They say grief is the price we pay for love, and while grief does indeed lurk on a hidden pendant that awaits us all, what many don’t realize is that it has its own quantifiable price. “€50 for the first reading, and charges for services required thereafter vary,” I was told.
After my mother died earlier this year, a lot of psychics (what’s your collective term? A cesspool? A swamp?) got into my DMs constantly. After a certain age, this is the digital equivalent of cold calling. Late at night. On a Sunday.
I didn’t pay much attention to the first one. I thought fleetingly it was from a place of kindness, a well-meaning person trying to offer spiritual support, but then they just kept coming. “I would like to offer you the opportunity to speak to your mother”; “Perhaps you would like to be able to communicate with Helen?”; “Maybe meeting with your mother’s ghost would comfort you.”
And then I got mad at her. They really should have seen this coming.
My first encounter with a medium (psychic? psychic? I’m not sure what the difference is, or if these are all just euphemisms for hustlers) was in the mid-noughties.
A colleague from work had invited me to a fortune-telling, which she organized. She needed 10 people for the medium to be ready to participate and it cost €25 per head. I suppose as with all wholesale deals there is inevitably a minimum order requirement.
It sounded like harmless fun, and my colleague was so desperate to seek the advice of this acclaimed, gifted fortune teller that it seemed the least we could all do for her. And therein lies the crux of this insidious business: no one seeks out a psychic when their life is running like clockwork.
Psychics can seduce the bereaved, the lost, the lonely, the sad and the bereaved, those who want to know that things are getting better, or at least not getting worse.
That Mr/Ms Right might be waiting behind a virtual corner, a long-awaited baby might be in their future, they will soon find a job, or that the person they lost so suddenly is at peace and happy with the color that they have painted bathroom.
This colleague had been left by her fiancé at the time, was not getting on well, had to leave her apartment and wanted to know if everything was okay.
So we all scraped together €25 to help her rebuild her future, and at 6:30 p.m. on a sunny spring evening, circa 2007, we gathered at the parents’ house to which she had to move back and drank cheap wine, while we waited for Mystic Mary (name changed but honestly, does it matter?).
The first thing that happened was that Mystic Mary couldn’t find the house. “Doesn’t bode well for a psychic,” I offered, but was met with nine petrified faces telling me my cynicism wasn’t welcome here.
Two more phone calls later and the lady who could read minds but apparently no cards finally arrived. She was theatrically badly dressed like a belly dancer on a budget cruise ship from the waist up, but a prisoner on release day from the waist down (I assumed she was used to being on site behind a table before her clients arrived ).
With the smell of a garage tuna sandwich and recently snuffed out Marlboro Red on her breath, she berated our host for her poor directions.
She said she was short on time and one by one we went into a bedroom to sit across from her in a chair while she clutched at straws and threw highly probable guesses at each of us – looked at our clothes, our ring fingers, making painfully obvious assumptions about our sexual orientation, reading facial expressions and body language.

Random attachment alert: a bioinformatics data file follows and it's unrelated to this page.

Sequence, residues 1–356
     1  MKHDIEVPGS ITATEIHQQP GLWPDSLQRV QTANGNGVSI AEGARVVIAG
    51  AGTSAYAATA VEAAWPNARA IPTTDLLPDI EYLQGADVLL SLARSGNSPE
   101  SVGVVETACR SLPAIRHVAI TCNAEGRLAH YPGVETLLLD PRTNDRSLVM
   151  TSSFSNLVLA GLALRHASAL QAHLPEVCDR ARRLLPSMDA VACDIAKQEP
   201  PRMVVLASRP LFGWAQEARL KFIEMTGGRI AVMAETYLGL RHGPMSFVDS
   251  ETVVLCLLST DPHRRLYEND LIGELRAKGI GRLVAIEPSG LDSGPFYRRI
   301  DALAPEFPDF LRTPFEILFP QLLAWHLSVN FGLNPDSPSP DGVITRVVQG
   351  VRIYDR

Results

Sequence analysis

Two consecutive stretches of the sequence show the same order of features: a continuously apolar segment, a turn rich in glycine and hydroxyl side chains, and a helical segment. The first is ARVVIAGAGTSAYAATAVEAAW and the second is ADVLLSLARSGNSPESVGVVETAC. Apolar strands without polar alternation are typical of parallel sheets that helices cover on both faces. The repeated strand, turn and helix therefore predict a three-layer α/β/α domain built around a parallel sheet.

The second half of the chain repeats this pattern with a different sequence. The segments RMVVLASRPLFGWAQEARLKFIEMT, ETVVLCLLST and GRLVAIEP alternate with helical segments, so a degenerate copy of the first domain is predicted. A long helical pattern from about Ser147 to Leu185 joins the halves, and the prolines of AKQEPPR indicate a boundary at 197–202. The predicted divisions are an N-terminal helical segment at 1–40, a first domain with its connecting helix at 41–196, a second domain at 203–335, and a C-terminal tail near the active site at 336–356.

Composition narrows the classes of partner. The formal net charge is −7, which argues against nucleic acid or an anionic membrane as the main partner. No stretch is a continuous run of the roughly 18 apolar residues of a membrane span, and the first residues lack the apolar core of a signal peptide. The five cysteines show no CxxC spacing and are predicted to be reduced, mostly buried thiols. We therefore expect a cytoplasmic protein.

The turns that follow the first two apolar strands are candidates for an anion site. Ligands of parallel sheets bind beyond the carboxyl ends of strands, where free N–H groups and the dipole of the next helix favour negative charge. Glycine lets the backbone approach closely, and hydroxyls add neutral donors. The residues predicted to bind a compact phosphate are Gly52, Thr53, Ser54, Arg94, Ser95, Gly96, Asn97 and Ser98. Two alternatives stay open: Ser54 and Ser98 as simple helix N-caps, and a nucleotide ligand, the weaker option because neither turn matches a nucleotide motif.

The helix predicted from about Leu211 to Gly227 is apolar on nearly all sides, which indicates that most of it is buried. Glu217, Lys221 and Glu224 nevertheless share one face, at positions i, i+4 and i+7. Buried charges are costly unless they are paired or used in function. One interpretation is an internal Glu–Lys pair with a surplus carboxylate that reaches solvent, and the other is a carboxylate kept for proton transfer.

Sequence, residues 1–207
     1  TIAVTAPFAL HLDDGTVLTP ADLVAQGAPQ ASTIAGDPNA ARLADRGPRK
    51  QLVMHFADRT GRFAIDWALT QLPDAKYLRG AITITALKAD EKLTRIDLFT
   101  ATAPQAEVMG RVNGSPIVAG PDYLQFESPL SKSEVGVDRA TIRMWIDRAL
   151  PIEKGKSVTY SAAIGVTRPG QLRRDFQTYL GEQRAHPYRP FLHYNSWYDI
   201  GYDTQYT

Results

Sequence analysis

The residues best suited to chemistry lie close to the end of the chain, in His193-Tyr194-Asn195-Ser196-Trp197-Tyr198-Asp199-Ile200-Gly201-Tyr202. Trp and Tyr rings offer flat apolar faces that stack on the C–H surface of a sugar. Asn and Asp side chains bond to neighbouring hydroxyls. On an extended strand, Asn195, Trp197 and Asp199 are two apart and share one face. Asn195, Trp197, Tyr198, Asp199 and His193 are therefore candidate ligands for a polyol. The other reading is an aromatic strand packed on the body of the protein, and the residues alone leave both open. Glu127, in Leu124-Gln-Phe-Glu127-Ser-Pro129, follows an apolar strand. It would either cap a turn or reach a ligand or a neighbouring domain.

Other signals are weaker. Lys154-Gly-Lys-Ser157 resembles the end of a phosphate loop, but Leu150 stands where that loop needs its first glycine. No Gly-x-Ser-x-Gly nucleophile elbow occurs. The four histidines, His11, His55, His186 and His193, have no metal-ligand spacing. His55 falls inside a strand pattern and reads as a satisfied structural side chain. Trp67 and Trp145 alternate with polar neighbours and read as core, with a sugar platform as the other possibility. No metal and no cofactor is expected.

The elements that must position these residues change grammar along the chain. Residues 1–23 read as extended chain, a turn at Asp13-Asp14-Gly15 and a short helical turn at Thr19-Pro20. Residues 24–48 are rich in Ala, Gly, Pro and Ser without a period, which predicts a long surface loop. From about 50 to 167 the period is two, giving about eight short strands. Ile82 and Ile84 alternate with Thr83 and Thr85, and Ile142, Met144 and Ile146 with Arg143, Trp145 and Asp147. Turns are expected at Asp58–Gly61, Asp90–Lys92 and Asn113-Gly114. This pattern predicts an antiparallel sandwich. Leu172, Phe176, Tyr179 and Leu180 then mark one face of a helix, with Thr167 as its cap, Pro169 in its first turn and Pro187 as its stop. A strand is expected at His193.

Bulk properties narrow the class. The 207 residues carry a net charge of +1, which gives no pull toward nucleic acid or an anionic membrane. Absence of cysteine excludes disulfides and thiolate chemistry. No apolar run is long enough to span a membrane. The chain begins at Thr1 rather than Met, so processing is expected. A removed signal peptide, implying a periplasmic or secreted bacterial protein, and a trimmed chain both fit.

She had no time for my poker face at all, and after reeling off half a dozen names and hitting nothing, like she was throwing darts at a concrete wall, she told me she saw journeys in my future and that my time was up.
I later learned that this is known as cold reading. It’s a device I later saw in all its gruesome glory at a live psychic event, when the overly tanned charlatan onstage dispersed vulnerable audiences by spitting out random letters, names, situations, and illnesses like a broken vending machine .
There were statements bordering on the phatic – “I see an elderly man with chest pains” – as he scanned the crowd for a sharp inhale or the almost involuntary lift of a hand. Hoping to hit an emotional artery.
I would imagine it would be difficult to fill an auditorium with people and not find at least a handful who have lost an elderly male family member or friend to heart disease, but for those in pain, the logic goes out of the window.
A friend recently asked me what harm it does when someone who is in despair and grief finds some comfort in hearing that their loved one – worst of all, a child – is happy and at peace? What damage?
But if the bereaved believe that a line of communication is available to them, they will return to learn more, this will hinder acceptance, and the medium, like a hope-pusher, will keep the lines open.
It would be better to spend the money on grief counseling or a holiday.
I would like to know if even some of these people believe what they say. Do you hear voices or is it a feeling? Have they persuaded themselves that they are telling the truth, or do they know it’s all just hypocrisy and do it anyway?
I haven’t found anyone to tell me. But I’ll tell you one thing, I’m sure of it, if there was a way for my mother to contact me after death, it wouldn’t be over a $50-an-hour quack.
You won’t hear “P stands for psychic” in the phonetic alphabet, but let’s not forget that P also stands for predator, corruption, and parasite. Hopefully now they can sense that I’m not a fan.
https://www.independent.ie/life/maia-dunphy-psychics-prey-on-the-lonely-sad-and-bereft-for-profit-42051347.html Maia Dunphy: Psychics prey on the lonely, sad and deprived for profit